Kamala: The inspiring story of many firsts

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Kamala Harris has several firsts in her role as vice president: the first woman, the first African-American woman, the first Indian-American and the first Asian-American. (Photo: AP)

PTI

First-time Senator Kamala Harris, popularly called the “female Obama”, created history by becoming the first woman, first Black and first Indian-American vice president of the United States.

In a historic speech after her victory in November, Harris remembered her late mother Shyamala Gopalan, a cancer researcher and civil rights activist from India, saying she had prepared her for this big day in her political career.

She also said that while she may be the first woman to occupy the vice president’s office, she would not be the last.

Harris, 56, is known for many firsts. She has been a county district attorney; the district attorney for San Francisco — the first woman, first African-American and first Indian-origin to be elected to the position.

She has several firsts in her role as vice president also: the first woman, the first African-American woman, the first Indian-American and the first Asian-American.

When Democratic presidential candidate Joe Biden picked Harris in August last year as his running mate recognising the crucial role Black voters could play in his determined bid to defeat Donald Trump, the then California Senator was the third woman to be selected as the vice president on a major party ticket. Then-Alaska Governor Sarah Palin in 2008 and New York Representative Geraldine Ferraro in 1984 were the other two.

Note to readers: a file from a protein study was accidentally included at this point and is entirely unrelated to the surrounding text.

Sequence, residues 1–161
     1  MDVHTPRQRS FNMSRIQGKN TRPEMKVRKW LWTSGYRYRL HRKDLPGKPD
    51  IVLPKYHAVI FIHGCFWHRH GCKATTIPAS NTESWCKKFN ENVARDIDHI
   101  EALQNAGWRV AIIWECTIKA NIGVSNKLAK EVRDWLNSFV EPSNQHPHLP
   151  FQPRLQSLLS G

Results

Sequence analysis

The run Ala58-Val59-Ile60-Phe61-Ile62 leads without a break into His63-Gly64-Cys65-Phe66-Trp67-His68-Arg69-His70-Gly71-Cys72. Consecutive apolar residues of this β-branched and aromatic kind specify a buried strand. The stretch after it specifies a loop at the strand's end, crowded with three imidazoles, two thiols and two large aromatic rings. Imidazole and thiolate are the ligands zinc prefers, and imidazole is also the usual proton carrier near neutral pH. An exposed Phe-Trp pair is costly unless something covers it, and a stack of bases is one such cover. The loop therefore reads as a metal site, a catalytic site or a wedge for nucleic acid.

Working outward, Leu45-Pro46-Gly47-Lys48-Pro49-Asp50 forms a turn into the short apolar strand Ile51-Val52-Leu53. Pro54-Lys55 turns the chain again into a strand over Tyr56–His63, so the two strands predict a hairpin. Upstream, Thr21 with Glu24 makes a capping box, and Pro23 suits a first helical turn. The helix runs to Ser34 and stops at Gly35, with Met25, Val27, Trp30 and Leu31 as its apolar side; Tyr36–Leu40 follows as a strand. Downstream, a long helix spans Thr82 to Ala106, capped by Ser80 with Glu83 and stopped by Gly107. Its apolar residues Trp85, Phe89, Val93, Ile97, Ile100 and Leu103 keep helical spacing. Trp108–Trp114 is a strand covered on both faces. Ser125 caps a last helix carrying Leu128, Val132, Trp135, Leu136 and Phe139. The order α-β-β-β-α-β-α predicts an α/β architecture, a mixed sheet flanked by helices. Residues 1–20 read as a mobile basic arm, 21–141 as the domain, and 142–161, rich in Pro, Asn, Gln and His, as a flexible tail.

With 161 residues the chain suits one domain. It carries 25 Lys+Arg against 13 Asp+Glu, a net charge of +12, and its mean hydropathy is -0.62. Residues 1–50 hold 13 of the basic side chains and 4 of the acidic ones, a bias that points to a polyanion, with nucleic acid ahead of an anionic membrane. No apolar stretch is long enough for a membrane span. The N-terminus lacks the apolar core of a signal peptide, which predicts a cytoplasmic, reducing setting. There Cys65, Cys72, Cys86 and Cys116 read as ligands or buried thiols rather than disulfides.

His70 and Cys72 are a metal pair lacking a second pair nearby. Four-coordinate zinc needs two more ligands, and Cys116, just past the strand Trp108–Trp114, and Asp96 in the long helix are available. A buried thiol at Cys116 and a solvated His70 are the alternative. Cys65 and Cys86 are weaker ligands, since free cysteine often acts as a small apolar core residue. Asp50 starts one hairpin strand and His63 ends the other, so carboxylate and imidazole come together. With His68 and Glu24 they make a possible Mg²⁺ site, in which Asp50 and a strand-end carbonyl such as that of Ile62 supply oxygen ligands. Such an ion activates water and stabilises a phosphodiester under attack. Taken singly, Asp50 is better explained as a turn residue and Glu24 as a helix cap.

Before becoming Biden’s running mate, Harris had her own presidential dreams, which she abandoned due to lack of the financial resources to continue her campaign.

She’s one of the only three Asian Americans in the Senate and she’s the first Indian-American ever to serve in the chamber.

During the Obama era, she was popularly called the “female Obama”. A decade ago, journalist Gwen Ifill called Harris “the female Barack Obama” on the “Late Show With David Letterman”.

Later, a small businessman from Willoughby Tony Pinto called her “a young, female version of the president”.

She is considered to be close to Barack Obama, the first black American President, who endorsed her in her various elections including that of the US Senate in 2016.